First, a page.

The feast of the Holy Apostles SS Philip and James is a Double of the Second Class and its liturgical colour is red.
In Western rites SS Philip and James have been honoured together as the relics of both Apostles were placed together in the confessio of the Church of the Apostles in Rome at its consecration in the sixth century. The anniversary of this, the church's dedication in 560, is May 1st. St. Philip, tradition tells us, was from Bethsaida. He was crucified at Hierapolis in Phrygia. St. James the Less was from Cana and was the first bishop of Jerusalem. St. Paul says (Galatians 1:19) 'I did not see any apostle except James the brother of the Lord'. St. James was cast from the pediment of the Temple on the orders of the Jewish High Priest and then clubbed to death.
The above photograph, taken by the writer whilst on a research trip to Rome two decades ago, shows the tomb of the Holy Apostles Saints Philip and James in the confessio of the Church. Far better photographs can be found on the Orbis Catholicus Secundus blog where the two photographs below can be found with others.
The feast began with first Vespers yesterday afternoon. The antiphons were proper to the feast, Domine, ostende nobis Patrem etc, sung with psalms 109, 110, 111, 112 & 116. The chapter is Stabant justi and the Office hymn Tristes erant Apostoli. The the antiphon on the Magnificat, Non turbetur etc., and collect are are proper to the feast. After the collect of the feast a commemoration was sung of the preceding Office of St. Catherine of Siena. At Compline Te lucis was sung with the Paschaltide Doxology and the Dominical preces were omitted.
At Mattins there are the usual three nocturns. The invitatory is Regem Apostolorum Dominum Venite adoremus, the antiphons Stabunt justi etc and the Psalms are from the Common of Apostles. In the first nocturn the lessons are the Incipit of letter of St. James from the fourth Sunday after Easter. These lessons are followed by the responsories from the Common, Beatus vir, qui metuit Dominum, alleluia etc. In the second nocturn the lessons are proper to the feast. The Gospel in the third nocturn is from St. John and the pericope contains the passage where the LORD tells St. Philip that if he wishes to see the Father to see Him and that in the Father's house there are many mansions. The Te Deum is sung.
At Lauds the antiphons Domine ostende nobis Patrem etc are sung with psalms 92, 99, 62, Benedicite & 148. The Office hymn is Paschale mundo gaudium and is sung with the Paschal Doxology. At the Hours the same antiphons are sung in the usual sequence. The Office hymns have the Paschal Doxology and the feastal psalms are sung at the Hours. At Prime the lectio brevis is Scimus quoniam.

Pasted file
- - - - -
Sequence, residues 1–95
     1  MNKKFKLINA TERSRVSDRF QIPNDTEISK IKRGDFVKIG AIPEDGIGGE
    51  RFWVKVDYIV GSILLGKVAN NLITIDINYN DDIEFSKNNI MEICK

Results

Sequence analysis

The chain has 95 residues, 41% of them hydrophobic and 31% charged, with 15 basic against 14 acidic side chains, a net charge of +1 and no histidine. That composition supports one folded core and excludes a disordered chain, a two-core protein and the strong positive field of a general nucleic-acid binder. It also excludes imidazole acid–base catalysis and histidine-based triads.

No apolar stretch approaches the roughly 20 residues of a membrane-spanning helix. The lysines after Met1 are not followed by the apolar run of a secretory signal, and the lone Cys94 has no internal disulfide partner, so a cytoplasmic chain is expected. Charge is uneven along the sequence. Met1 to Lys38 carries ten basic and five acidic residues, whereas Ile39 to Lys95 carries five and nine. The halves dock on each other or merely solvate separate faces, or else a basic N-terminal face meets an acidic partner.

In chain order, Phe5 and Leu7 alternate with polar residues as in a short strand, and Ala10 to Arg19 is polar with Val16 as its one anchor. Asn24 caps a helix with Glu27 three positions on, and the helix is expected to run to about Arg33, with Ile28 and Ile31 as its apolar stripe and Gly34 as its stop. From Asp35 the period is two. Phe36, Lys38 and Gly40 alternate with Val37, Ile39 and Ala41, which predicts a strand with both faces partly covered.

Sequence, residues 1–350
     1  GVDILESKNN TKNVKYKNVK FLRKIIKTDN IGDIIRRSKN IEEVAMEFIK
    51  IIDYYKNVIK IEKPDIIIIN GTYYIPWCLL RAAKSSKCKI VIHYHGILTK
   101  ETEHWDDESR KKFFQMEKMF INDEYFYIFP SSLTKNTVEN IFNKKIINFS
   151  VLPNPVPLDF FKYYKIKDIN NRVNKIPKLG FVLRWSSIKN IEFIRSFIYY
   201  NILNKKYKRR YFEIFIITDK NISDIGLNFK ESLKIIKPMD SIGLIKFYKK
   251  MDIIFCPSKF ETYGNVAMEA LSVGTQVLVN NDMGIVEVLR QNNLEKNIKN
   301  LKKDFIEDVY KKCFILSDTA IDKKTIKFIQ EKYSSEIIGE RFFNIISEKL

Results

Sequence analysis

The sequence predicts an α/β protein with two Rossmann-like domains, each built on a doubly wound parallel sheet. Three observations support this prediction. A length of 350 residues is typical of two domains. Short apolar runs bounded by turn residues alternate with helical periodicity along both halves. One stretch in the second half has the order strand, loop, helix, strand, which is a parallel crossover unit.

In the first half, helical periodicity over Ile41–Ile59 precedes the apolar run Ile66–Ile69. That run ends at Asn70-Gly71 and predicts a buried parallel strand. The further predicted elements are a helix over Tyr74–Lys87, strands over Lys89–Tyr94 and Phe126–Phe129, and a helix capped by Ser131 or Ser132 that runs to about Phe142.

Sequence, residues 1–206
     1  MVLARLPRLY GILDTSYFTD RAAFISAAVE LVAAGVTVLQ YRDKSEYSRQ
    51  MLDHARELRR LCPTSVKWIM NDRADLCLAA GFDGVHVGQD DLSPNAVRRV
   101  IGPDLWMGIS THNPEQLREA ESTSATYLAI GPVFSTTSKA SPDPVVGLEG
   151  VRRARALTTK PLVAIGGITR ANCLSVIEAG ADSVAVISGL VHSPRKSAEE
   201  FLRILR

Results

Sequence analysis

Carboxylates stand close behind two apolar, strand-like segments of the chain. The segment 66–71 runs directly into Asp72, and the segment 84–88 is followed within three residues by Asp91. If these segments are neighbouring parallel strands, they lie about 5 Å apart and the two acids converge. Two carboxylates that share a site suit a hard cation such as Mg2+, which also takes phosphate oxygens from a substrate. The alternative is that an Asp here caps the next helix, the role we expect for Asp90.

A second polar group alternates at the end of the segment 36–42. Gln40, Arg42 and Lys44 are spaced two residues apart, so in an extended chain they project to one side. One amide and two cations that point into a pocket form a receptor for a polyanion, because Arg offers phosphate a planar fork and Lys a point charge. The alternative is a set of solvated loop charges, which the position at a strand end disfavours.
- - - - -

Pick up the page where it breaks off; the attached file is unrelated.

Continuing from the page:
Mass is sung after Terce. The Mass is proper, Exclamaverunt etc. The Gloria is sung, the Credo is sung and the preface is of the Apostles.
At second Vespers the antiphons Domine ostende nobis Patrem are sung again this time with psalms 109, 112, 115, 125 & 138. The Office hymn is Tristes erant Apostoli. After the collect of the feast a commemoration is sung of the following Office of the Octave Day of St. Joseph followed by a commemoration of St. Athanasius.
In the 'liturgical books of 1962' the ancient feast of SS Philip and James has been cast aside until May 11th, the first 'free' liturgical day, and May 1st became the execrable and repugnant 'Joe the Worker' day. As the reign of Pius XII was such a liturgical disaster area it is often difficult to spot the nadir. However, Joe the Worker day really is appalling crap and has to be a serious contender for that unenviable title. Pius XII's Commission for General Liturgical Reform had discussed making May 1st a Marian feast but settled on S. Giuseppe Artigiano (c.f. minutes of meeting 45; 19 Oct 1954 and 59; 17 Jan 1956 in Giampietro, N., 'Il Card. Ferdinado Antonelli e gli sviluppi della riforma liturgica dal 1948 al 1970', Studia Anselmiana, Rome, 1998). Clearly feasts of antiquity were not considered particularly sacred - but then neither was anything else - so from 1956 the beautiful, albeit modern, feast of the Solemnity of St. Joseph and its Octave were abolished and today's venerable and ancient feast of the Holy Apostles swept aside to May 11th. The Office of 'Joe the Worker' is truly appalling with lessons about multitudes of working men gathering in St. Peter's Square: '...cum occasionem nactus opificum conventus Kalendis maiis...Romae celebrati, ingentum multitudinem in foro ad sancti Petri Basilicam...' In an excellent article on the highly inorganic Pian changes Fr. Francesco Ricossa quotes a Jean Crete:
"The Sacred Congregation of Rites was not favorable toward this decree [Cum nostra], the work of a special commission. When, five weeks later, Pius XII announced the feast of St. Joseph the Worker (which caused the ancient feast of Ss. Philip and James to be transferred, and which replaced the Solemnity of St Joseph, Patron of the Church), there was open opposition to it.
“For more than a year the Sacred Congregation of Rites refused to compose the office and Mass for the new feast. Many interventions of the pope were necessary before the Congregation of Rites agreed, against their will, to publish the office in 1956 — an office so badly composed that one might suspect it had been deliberately sabotaged. And it was only in 1960 that the melodies of the Mass and office were composed melodies based on models of the worst taste.
"We relate this little-known episode to give an idea of the violence of the reaction to the first [It was hardly the first - R.] liturgical reforms of Pius XII".
Liturgically minded Romans refer to this appalling and disgraceful parody of St. Joseph as 'San Giuseppe Comunista'.
Art: Melkite Church in Australia